from the a-big-problem dept.
Employers in Europe may soon have a duty to create reserved car parking spaces for obese staff, or adjust the office furniture for them as BBC reports that the European Court of Justice is considering a test case of a male nanny who says he was fired for being too fat - a ruling that could oblige employers to treat obesity as a disability. Employment expert Audrey Williams says the judges would have to decide "whether obesity itself should trigger preferential rights, or should only impact where an individual, due to obesity, has other recognized medical issues. Employers would have a duty to make reasonable adjustments to the workplace or working arrangements," says Williams. "This might include a review of where the employee is located and their seating arrangements, or even preferential access to car parking."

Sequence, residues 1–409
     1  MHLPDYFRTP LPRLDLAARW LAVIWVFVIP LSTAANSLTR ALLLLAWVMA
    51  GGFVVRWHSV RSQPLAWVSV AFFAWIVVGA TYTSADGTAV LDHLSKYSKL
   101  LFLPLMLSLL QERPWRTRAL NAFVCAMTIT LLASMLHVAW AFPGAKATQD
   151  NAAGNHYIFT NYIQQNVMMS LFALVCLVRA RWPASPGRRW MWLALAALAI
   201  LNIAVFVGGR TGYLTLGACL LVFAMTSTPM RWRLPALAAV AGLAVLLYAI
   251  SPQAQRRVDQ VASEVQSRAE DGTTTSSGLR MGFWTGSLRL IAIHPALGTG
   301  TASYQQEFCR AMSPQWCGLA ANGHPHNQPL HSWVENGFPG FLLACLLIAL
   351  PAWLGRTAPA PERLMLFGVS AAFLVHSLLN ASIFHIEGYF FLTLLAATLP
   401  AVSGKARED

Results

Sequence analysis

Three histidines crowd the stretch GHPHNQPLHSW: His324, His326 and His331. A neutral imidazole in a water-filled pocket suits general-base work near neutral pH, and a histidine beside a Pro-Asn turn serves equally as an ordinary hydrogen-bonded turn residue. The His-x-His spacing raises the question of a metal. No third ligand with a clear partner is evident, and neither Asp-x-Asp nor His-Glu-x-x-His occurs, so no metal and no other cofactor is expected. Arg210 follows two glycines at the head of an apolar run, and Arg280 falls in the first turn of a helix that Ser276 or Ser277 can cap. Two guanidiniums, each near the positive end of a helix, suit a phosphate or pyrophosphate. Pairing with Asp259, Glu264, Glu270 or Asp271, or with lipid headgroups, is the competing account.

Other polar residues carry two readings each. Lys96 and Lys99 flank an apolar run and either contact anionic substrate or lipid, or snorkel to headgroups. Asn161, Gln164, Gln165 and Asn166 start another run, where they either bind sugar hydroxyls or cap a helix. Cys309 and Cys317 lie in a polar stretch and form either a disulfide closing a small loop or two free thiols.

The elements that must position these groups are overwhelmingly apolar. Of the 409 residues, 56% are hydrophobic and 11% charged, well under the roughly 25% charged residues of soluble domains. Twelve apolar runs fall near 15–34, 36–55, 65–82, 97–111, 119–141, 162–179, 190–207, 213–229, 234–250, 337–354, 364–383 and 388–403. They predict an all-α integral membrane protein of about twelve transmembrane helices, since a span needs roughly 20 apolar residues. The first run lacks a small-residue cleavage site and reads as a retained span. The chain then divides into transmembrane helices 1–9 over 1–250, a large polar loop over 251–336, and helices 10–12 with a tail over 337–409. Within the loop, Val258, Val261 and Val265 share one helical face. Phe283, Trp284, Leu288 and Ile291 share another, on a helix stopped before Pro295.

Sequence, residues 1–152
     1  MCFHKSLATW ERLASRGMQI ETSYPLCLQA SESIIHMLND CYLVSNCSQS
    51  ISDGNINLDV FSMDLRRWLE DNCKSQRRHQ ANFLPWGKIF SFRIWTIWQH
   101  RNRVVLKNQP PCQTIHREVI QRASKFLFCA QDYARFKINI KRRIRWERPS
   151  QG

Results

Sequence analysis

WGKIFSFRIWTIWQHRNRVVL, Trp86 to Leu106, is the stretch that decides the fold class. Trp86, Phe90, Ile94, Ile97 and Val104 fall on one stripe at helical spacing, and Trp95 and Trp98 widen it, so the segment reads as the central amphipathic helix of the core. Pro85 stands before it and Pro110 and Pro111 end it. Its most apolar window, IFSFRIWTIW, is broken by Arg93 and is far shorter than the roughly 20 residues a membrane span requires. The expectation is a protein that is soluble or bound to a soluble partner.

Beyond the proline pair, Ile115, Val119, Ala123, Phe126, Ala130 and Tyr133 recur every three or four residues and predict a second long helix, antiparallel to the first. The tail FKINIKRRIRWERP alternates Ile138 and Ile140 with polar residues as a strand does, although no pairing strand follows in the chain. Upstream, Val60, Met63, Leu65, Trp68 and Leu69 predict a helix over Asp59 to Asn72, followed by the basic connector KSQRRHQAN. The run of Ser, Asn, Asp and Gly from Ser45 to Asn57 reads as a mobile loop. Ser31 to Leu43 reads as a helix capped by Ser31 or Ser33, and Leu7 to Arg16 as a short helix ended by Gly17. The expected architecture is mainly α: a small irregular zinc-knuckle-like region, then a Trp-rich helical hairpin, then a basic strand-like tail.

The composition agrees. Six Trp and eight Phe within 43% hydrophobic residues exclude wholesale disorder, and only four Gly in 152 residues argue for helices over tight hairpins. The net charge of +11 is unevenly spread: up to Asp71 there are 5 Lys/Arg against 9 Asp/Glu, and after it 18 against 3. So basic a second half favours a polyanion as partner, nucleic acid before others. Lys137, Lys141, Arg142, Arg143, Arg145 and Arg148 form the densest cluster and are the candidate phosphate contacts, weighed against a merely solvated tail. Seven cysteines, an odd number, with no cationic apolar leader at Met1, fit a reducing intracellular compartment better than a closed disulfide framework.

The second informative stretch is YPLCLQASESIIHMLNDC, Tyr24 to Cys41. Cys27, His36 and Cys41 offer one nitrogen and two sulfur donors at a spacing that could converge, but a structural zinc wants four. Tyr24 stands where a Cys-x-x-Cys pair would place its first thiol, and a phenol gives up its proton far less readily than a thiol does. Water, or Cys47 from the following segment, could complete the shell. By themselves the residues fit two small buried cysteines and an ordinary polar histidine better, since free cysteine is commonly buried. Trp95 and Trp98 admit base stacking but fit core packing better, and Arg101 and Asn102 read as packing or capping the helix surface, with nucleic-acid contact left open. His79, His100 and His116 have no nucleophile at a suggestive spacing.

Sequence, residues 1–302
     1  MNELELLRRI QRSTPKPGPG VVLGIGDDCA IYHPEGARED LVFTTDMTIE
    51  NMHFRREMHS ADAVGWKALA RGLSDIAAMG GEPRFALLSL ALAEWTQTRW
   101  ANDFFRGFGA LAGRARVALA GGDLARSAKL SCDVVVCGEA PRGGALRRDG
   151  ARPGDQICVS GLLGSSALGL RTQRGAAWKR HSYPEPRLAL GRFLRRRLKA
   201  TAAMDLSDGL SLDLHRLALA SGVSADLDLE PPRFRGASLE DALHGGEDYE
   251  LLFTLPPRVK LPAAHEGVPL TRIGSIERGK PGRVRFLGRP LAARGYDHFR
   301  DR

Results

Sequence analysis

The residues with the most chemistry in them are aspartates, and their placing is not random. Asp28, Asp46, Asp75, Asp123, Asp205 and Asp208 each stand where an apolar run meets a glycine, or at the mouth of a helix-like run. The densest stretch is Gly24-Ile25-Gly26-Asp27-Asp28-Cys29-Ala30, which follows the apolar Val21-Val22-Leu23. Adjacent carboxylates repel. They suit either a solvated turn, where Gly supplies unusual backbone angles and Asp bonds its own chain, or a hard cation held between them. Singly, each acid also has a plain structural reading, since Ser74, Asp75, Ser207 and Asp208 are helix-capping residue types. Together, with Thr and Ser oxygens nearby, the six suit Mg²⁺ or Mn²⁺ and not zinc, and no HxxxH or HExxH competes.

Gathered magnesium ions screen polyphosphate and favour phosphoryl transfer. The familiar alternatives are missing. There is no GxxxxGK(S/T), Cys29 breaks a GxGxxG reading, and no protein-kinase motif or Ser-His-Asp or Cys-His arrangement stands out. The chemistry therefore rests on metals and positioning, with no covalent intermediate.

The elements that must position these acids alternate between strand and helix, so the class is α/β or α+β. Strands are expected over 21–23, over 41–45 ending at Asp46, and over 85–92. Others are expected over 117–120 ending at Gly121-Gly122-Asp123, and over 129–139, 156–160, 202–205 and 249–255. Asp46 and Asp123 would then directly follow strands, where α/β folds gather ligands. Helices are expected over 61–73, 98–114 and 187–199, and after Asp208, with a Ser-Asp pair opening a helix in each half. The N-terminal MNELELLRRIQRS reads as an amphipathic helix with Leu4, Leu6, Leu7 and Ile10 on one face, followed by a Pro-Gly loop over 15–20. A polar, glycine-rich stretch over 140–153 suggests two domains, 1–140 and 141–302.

The US Equal Opportunity Commission already defines obesity as being a disability, under the Americans with Disabilities Act Amendments Act. In a recent case involving morbid obesity, a Texan employee who weighed more than 680 pounds received $55,000 in compensation for being dismissed. In October 2009, the man was told to report to human resources where officials told him the company had reached the conclusion he could no longer "perform his job duties because of his weight and he was therefore terminated," the suit said. Ronald Kratz, who had gotten two promotions and high performance ratings over his 16-year-career, insists his weight did not interfere with his ability to perform his job duties as a parts sorter. Kratz, who lost over three hundred pounds since he was fired, has not been able to find another job despite sending out numerous applications, and his unemployment benefits have run out. "It has been really hard on the family."